Presenting, the newly acquired sibling of my yixing: a tokoname kyusu.
Specifically, a dragon pot!
I've been stalking artistic nippon for the longest time ever since I came upon the kyusu appreciation thread on teachat. Was originally looking for a houin or a shiboridashi since I like the gaiwan's ergonomics, but couldn't find one that had both the aesthetics that I wanted at the right price point. Then this pot came up and it was quite love at first sight...and over budget, but splurging on teapots is one of the privileges of having a paid internship.
First the packaging.
The lid has really good tolerance, very much appreciated. Same with the fancy paper and the neatly tied ribbon. Even the bubble wrap was neatly folded like how you would for gift wrapping. On top of that, the packaging tape was orderly taped, which is a feat in itself. Overall it goes to show the care by both the craftsman and the seller. I (and teachat people) highly recommend ordering from AN.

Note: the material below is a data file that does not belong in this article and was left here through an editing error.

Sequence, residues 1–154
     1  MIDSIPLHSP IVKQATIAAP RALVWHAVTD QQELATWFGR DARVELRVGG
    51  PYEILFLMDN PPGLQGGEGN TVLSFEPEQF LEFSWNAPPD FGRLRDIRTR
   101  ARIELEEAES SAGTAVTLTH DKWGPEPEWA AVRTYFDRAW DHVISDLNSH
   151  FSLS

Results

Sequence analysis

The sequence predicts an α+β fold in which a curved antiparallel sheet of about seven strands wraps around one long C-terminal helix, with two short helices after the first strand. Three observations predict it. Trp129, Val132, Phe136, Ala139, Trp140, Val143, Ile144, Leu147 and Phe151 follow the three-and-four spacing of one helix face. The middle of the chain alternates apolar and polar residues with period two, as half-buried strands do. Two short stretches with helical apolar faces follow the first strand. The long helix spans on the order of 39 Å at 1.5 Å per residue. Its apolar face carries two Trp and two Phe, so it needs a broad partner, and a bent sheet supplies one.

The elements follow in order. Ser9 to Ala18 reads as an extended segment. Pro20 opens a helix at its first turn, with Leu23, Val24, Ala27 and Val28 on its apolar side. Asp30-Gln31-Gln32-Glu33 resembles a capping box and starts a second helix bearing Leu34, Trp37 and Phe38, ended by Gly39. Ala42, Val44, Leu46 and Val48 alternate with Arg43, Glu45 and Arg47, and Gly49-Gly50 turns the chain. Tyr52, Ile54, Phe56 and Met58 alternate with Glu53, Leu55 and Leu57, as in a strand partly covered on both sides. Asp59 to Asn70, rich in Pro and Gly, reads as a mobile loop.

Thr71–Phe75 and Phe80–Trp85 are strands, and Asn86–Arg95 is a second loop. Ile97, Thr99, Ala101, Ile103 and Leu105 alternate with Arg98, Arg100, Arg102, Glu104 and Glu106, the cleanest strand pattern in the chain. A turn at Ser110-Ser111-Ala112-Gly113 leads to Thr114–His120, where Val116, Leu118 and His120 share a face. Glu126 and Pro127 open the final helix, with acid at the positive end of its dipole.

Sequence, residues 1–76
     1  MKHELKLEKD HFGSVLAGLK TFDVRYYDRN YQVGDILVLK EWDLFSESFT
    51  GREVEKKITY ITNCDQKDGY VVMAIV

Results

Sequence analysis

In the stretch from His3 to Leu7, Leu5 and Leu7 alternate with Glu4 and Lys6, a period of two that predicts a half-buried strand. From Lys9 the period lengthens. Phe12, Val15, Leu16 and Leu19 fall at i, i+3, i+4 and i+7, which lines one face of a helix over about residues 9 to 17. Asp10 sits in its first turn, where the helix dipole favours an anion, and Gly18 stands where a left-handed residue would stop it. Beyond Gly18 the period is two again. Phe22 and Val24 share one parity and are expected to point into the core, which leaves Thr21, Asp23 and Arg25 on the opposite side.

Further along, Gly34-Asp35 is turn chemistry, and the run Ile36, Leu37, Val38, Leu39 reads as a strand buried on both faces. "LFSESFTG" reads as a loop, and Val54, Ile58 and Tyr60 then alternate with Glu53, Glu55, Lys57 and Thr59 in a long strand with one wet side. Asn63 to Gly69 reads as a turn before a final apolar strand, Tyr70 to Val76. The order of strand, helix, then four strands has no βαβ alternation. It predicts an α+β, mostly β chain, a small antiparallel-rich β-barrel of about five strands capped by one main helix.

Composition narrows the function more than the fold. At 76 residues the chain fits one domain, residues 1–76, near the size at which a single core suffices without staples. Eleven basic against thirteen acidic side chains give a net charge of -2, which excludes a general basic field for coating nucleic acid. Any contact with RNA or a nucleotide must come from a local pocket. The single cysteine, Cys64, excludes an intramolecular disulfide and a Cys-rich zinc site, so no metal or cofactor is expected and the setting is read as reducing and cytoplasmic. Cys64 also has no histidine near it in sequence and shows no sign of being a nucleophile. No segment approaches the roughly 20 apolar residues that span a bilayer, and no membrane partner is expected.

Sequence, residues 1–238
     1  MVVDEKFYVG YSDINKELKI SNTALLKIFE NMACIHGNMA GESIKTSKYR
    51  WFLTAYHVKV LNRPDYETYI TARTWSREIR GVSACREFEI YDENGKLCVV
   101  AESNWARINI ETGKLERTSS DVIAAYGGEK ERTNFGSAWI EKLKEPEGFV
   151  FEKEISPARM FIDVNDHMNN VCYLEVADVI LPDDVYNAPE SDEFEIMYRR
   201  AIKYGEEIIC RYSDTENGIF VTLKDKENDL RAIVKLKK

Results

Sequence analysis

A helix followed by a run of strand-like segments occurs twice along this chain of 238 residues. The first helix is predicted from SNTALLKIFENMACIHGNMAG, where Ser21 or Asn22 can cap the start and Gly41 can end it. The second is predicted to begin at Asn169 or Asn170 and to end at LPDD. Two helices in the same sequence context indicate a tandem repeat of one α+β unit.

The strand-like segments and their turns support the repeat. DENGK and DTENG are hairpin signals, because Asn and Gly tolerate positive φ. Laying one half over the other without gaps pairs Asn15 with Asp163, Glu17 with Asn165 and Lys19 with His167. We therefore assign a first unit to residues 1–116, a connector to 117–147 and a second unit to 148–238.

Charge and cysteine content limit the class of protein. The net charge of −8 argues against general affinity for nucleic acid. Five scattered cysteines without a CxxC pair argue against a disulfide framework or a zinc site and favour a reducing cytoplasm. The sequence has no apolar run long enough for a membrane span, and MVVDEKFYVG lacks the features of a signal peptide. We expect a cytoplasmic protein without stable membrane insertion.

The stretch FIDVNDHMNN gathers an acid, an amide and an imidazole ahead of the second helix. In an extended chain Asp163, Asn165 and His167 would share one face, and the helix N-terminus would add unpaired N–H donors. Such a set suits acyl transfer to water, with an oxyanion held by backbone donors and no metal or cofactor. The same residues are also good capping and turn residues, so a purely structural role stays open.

Bonus points for prompt email replies from AN, one of my biggest pet peeves.
Onto the pot itself.
I didn't expect to like a rather ornamental tea pot, but the dragon got me. In fact I might make it a rule to only purchase pots with some animal tie-in since my yixing has a lion on the lid too.
The lid tolerance on the pot is great too, it indeed passes the test in which water stops flowing out of the spout when you cover the air hole on the lid. This pours oh-so-wonderfully, I'm tempted to say that it drains faster than my smaller yixing. I tried filming the pour, but I have terrible depth recognition from looking at the screen and ended up spilling half of the pot. One downside of this pot is thatt the filter holes don't go right against the edge, so there will always be some water left inside the pot, which can increase the bitterness of subsequent steeps.
Brewed some chinese green tea as a test run since I have no japense greens left. It brought out more of a beany smell to the wet leaves, and helped mellow out the bitterness. I surprisingly tasted some perfume-y floral at the earlier steeps, and some unami in the later ones, will have to confirm these with subsequent sessions.